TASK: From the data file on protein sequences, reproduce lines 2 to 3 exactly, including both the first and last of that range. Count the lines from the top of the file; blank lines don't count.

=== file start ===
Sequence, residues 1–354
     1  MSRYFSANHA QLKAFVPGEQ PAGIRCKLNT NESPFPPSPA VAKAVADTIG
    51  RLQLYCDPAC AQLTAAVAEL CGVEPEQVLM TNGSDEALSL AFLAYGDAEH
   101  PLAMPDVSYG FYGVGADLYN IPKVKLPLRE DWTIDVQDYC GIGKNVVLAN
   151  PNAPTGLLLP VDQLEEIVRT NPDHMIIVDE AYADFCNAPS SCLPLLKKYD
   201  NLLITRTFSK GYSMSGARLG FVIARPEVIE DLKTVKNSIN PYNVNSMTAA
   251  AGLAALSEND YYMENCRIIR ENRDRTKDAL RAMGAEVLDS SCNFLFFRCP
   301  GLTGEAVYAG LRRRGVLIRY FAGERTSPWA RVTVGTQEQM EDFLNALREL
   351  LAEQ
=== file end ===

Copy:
     1  MSRYFSANHA QLKAFVPGEQ PAGIRCKLNT NESPFPPSPA VAKAVADTIG
    51  RLQLYCDPAC AQLTAAVAEL CGVEPEQVLM TNGSDEALSL AFLAYGDAEH